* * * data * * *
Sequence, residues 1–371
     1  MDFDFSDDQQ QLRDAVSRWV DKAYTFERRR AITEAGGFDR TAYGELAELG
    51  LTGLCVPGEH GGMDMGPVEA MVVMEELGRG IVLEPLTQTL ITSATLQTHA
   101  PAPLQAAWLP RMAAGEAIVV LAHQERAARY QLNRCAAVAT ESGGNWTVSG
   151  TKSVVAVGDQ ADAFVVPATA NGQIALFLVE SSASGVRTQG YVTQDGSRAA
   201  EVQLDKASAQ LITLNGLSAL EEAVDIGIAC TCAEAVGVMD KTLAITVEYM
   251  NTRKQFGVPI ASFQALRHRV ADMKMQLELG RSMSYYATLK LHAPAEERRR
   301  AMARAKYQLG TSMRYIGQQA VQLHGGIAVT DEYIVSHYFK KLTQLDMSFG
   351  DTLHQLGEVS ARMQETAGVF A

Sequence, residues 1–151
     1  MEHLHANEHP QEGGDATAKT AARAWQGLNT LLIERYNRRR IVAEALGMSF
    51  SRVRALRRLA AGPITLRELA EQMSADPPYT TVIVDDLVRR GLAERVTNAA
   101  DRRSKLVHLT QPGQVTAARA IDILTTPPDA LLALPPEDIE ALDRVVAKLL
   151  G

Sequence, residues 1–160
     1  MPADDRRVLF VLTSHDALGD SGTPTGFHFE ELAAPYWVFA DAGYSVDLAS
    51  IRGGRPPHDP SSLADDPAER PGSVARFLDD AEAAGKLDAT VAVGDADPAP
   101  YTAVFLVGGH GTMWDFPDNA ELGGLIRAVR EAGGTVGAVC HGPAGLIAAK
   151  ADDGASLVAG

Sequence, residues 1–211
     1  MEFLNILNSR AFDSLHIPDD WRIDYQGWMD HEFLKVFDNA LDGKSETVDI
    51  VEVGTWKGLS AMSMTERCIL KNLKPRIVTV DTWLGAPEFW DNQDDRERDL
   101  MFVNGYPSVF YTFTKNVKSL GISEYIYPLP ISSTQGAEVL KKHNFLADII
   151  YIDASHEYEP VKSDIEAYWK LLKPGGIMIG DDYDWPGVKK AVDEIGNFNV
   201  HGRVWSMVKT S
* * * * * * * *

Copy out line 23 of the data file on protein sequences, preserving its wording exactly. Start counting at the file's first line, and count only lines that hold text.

   101  MFVNGYPSVF YTFTKNVKSL GISEYIYPLP ISSTQGAEVL KKHNFLADII